Editors note: Monday, the U.S. Supreme Court upheld Indiana’s Voter ID law, saying that it was constitutional, in spite of the potential barriers it places in the path of citizens trying to vote.
Russell Baughman, 61, has fought in three conflicts as a part of the United States Army. He was on the front lines in Vietnam in March of 1967 during a battle that has since become known as “the bloodiest week.” He was sent to Panama shortly after the 1989 U.S. invasion as part of a security maintenance force. And he spent six months in the deserts of Saudi Arabia and Kuwait during the Gulf War in the early ’90s.
His military discharge papers feature a paragraph’s worth of honors and awards, like the national defense service medal, the Vietnam service medal with two bronze service stars, the combat/infantry badge and a purple heart for being wounded during combat.
So when Baughman arrived at his polling place at precinct 52 in Lawrence March 11 for the special election, he wasn’t expecting to have a problem voting in the country he had defended.
But since Indiana passed its new Voter ID law, which requires every voter to have a valid, government-issued photo ID, Baughman’s identification was no longer good enough.
He had with him his expired driver’s license (he rides a bicycle), his Department of Veterans Affairs card (featuring his purple heart endorsement) and, of all things, his voter’s registration card.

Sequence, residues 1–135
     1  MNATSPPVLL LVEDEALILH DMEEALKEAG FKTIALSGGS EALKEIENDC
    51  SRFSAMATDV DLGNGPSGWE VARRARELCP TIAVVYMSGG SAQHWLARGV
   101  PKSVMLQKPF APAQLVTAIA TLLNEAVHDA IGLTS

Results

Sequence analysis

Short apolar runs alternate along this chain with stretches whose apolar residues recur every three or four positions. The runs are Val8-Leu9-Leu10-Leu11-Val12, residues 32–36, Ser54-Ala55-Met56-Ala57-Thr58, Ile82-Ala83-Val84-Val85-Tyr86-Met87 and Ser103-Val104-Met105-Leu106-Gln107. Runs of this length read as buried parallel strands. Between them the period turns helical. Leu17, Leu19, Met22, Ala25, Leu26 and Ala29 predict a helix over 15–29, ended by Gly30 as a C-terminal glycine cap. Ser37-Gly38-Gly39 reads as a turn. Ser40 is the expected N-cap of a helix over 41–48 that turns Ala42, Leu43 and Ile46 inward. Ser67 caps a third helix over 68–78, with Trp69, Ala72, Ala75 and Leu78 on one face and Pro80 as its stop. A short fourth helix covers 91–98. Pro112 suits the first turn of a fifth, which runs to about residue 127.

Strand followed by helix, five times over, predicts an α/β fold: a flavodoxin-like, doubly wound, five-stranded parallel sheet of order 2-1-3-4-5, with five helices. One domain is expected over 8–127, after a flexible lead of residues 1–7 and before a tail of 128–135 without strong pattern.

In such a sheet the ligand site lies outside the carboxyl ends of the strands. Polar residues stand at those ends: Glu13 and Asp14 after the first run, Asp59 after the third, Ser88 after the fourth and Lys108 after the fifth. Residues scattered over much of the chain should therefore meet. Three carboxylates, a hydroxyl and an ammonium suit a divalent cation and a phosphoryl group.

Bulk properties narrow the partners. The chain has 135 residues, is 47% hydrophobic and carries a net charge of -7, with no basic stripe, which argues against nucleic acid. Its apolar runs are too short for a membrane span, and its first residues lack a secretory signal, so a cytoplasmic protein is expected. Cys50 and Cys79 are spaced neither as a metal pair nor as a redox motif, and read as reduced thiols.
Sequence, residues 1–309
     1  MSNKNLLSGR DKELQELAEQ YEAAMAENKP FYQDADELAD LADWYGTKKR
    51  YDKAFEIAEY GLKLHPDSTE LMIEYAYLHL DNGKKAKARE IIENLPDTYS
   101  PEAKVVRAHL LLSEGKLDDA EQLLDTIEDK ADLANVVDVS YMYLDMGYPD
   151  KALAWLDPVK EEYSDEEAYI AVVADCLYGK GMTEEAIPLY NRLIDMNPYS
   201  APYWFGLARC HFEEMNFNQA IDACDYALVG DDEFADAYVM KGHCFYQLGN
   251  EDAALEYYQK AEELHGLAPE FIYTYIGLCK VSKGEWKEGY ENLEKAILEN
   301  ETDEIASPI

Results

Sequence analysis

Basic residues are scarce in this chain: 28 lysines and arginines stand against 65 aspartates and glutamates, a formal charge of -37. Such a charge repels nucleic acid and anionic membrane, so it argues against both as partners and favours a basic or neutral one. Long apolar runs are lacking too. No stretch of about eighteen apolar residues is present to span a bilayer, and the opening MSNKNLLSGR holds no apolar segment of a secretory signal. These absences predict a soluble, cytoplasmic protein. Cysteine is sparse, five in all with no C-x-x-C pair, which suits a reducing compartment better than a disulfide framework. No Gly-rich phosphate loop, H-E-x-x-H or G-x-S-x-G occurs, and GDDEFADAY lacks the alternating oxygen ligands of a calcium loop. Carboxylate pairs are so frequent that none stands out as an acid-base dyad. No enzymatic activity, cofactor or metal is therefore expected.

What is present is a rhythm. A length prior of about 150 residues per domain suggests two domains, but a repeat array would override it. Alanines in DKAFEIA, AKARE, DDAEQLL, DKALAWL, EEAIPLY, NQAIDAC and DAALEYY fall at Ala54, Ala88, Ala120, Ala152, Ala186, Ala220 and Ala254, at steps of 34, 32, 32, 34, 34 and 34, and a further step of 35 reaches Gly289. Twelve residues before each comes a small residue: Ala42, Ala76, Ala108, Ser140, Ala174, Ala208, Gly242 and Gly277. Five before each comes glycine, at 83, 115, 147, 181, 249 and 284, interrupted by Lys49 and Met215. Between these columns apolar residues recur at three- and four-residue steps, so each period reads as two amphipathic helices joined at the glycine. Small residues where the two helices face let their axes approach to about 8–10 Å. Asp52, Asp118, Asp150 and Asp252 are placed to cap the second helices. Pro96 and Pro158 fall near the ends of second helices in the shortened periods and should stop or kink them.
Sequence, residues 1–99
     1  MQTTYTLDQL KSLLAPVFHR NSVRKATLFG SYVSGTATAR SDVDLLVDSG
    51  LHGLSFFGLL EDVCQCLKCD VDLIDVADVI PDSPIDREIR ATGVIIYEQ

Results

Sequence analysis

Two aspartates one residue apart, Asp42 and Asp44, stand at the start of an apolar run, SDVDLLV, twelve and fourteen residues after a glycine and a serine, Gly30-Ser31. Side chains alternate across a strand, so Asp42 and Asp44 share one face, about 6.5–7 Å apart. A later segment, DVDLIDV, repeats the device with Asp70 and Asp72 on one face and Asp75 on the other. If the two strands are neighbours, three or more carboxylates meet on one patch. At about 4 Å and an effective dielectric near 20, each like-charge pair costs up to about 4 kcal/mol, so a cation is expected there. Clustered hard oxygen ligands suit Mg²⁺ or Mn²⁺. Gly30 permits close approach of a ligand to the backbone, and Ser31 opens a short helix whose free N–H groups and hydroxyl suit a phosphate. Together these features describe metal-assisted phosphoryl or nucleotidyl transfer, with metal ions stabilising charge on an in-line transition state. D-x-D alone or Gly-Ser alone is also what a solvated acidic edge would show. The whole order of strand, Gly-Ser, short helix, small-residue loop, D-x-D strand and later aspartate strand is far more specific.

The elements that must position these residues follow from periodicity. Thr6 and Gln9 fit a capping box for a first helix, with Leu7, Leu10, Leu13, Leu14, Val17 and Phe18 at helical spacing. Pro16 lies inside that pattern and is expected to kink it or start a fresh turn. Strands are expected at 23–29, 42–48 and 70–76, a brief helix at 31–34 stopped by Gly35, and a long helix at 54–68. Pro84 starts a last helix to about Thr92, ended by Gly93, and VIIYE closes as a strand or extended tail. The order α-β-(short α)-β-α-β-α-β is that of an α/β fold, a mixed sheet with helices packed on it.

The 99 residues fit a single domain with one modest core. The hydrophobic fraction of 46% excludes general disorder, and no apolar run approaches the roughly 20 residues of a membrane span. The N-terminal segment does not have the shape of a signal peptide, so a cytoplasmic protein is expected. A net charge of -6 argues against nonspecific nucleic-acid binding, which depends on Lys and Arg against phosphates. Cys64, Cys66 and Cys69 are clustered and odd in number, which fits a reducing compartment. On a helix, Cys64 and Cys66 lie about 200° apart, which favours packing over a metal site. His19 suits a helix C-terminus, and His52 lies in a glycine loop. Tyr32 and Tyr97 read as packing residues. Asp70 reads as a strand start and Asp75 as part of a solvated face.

But Baughman was told that neither of his photo IDs were valid. His driver’s license didn’t count because it was expired and his Veterans Affairs card didn’t count because it didn’t feature any expiration date at all.
“I’ve been on the voting rolls since 1968,” Baughman said, “and all of a sudden they expect my identity to change. There was no change.”
Baughman was offered a provisional ballot. The print was so small that the polling officials had to fetch a magnifying glass. After filling out a provisional ballot, the voter has 10 days to prove his or her identity at their county clerk’s office. During this time the voter must come up with the appropriate identification.
But herein lay Baughman’s problem.
He had been to the license branch several times, trying to attain a new photo ID card, and had been denied. In order to get a new photo ID, one must have one form of primary identification: an original birth certificate or naturalization card, a U.S. Veterans Universal Access Identification card, a current military ID card or a valid U.S. passport.
Like many citizens in Indianapolis, Baughman had no idea where his birth certificate was. His veteran’s ID card wasn’t being accepted because it was issued by the VA hospital and not by Fort Harrison (even though it took a proof of identity when he was issued the VA card). And though Baughman has spent more time overseas than your average American citizen, the kind of traveling he did never required a passport.